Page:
The CMDBF (CMDB Federation) group just released a first public draft of the specification. Here is a direct link to it (PDF, 1MB). That’s a very nice achievement for a group that was a bit slow to find its pace but has been very productive since the beginning of 2007. Having the interop test drive our efforts had a lot to do with it, this is an approach to repeat the next time around.
This spec will look a lot more familiar to people used to reading WS-* specs than to people used to reading ITIL manuals. The concepts and use cases are (hopefully) consistent with ITIL, but the meat of the spec is about defining interoperable SOAP-based message exchanges that realize these use cases. The spec is about defining SOAP payloads, not IT management best practices. Please adjust your expectations accordingly and you’ll like the spec a lot more.
The most useful and important part (in my mind at least), is the definition of the Query service (section 4). This is used in many interactions. It is used by clients to query a CMDB that federates many MDRs (Management Data Repositories). It is used by the clients to go interact directly with the MDRs is they choose to. And it is used by the federating CMDB to retrieve data from the MDRs. Even in the more static scenarios, in which data is replicated from the MDRs into the CMDB (instead of true federation with no replication), the Query service is still the way for clients to access federated data from the CMDB.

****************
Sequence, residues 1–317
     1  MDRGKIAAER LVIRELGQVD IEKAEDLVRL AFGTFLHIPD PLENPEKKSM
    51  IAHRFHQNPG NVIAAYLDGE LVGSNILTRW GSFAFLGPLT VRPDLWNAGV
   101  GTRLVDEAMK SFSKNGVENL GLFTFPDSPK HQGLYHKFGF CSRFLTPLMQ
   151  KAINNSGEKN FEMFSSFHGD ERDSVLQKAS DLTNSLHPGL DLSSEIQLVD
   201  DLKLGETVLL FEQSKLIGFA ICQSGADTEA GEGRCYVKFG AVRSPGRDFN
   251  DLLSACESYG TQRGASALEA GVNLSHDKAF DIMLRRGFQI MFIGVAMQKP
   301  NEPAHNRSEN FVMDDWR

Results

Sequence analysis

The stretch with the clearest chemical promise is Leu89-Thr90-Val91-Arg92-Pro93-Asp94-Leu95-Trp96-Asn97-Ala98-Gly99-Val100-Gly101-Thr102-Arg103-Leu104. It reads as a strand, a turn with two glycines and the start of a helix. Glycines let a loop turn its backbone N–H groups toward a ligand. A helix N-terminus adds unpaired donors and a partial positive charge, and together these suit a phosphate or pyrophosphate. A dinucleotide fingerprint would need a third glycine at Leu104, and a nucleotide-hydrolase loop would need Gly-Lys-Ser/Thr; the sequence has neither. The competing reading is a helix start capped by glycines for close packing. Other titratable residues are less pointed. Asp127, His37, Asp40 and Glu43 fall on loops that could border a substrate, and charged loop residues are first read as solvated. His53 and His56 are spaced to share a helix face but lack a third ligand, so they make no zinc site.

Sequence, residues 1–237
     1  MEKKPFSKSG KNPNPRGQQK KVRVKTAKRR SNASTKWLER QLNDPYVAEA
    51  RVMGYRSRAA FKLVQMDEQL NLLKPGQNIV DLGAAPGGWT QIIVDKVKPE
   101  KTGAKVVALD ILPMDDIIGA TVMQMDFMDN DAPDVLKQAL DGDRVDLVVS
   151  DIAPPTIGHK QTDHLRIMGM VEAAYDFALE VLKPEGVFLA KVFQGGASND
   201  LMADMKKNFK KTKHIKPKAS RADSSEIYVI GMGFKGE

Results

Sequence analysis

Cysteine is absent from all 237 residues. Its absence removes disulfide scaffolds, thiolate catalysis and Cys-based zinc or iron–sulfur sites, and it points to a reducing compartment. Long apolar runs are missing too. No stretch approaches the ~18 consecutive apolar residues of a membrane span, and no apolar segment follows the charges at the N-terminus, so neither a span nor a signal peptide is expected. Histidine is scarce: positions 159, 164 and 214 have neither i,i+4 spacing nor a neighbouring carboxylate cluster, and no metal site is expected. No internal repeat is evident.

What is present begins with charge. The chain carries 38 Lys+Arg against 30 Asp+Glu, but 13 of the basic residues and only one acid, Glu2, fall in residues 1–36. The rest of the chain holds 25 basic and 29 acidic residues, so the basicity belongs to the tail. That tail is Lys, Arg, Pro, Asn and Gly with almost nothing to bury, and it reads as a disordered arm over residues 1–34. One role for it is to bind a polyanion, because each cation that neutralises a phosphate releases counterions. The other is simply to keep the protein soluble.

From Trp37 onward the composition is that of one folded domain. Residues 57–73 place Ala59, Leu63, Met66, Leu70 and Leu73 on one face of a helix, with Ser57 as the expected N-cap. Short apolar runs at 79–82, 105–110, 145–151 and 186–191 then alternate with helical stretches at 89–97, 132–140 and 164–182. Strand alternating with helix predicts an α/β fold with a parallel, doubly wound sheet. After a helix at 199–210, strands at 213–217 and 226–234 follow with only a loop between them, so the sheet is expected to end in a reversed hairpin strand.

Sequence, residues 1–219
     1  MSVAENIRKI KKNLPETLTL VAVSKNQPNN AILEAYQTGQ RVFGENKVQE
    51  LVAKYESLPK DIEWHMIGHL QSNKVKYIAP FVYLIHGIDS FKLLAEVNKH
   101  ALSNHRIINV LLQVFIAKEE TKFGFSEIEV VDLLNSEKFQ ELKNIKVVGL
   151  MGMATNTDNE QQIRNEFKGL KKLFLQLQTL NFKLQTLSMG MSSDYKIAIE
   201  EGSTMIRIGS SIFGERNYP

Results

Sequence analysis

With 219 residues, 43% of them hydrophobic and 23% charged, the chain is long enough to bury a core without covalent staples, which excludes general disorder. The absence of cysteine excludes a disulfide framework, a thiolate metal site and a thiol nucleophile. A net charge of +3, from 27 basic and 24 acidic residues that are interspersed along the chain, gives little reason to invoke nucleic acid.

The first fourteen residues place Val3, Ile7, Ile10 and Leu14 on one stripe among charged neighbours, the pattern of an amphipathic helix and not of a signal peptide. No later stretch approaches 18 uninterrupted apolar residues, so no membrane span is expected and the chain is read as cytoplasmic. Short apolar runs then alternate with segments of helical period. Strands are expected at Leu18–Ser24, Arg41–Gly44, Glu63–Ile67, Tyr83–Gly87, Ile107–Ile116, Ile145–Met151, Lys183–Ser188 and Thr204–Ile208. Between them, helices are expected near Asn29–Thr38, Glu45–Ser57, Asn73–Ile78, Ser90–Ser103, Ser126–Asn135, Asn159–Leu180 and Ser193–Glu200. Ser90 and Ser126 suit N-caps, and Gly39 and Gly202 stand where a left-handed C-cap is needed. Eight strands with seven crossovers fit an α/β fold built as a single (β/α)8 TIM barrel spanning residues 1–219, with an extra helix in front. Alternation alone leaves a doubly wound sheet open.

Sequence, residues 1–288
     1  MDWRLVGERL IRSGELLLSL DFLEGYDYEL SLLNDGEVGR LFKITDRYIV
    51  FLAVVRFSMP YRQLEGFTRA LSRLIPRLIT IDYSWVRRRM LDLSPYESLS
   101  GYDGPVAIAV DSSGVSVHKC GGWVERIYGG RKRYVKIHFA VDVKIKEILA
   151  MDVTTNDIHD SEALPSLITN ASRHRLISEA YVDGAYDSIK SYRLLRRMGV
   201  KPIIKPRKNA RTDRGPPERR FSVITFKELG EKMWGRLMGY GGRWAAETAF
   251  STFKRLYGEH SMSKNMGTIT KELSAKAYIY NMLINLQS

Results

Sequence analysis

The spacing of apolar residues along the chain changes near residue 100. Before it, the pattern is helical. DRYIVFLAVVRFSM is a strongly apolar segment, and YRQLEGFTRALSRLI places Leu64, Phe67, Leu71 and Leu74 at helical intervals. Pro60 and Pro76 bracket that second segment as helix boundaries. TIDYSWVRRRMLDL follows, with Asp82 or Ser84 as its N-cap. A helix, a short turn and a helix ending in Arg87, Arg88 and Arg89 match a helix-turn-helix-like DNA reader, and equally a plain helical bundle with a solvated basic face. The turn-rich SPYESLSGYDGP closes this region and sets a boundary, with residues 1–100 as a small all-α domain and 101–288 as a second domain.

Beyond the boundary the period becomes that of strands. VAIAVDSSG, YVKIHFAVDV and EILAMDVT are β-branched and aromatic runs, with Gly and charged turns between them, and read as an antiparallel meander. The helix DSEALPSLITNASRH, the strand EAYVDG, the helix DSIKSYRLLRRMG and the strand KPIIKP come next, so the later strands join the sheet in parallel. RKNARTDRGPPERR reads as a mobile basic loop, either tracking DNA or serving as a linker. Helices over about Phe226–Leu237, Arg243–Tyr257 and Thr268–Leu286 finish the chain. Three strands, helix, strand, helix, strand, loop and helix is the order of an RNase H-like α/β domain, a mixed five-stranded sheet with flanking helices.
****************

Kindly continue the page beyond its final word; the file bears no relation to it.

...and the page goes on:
So, yet another query language? Indeed. But one that natively supports concepts that are key to the kind of queries most useful for CMDB scenarios, namely relationships traversal and types. This is a topological query language. I hope the simple example in section 4.2 gives a good example of what this means.
Neither SQL nor XPath/XQuery has this topology-friendly approach (which is not to say that you can’t create useful queries on CMDB data with these query languages). On the other hand, there is one query language that is inherently relationship-oriented, that has native support for the notion of class and that has received a lot more attention, interop testing and implementation experience than our effort. One that I would have loved for us to leverage in CMDBF. It’s SPARQL. But semantic web technologies seem once again to be doomed by the perception that they are too much “out there” despite all the efforts of its proponents to make them connect with XML and other non-RDF views of the world.
Final caveat, this is a first draft. It is known to be incomplete (you’ll find text boxes that describe known gaps) and not all features in the spec were tested at the interop. We need more interop, review and development before it is robust. And most importantly, a lot of the difficult aspects of federation aren’t sufficiently addressed (reconciliation, model differences, source tracing, administrative metadata…) But it is at a point where we think it gives a good idea of how we are approaching the problem.
Equipped with this foreword, I wish you a pleasant read.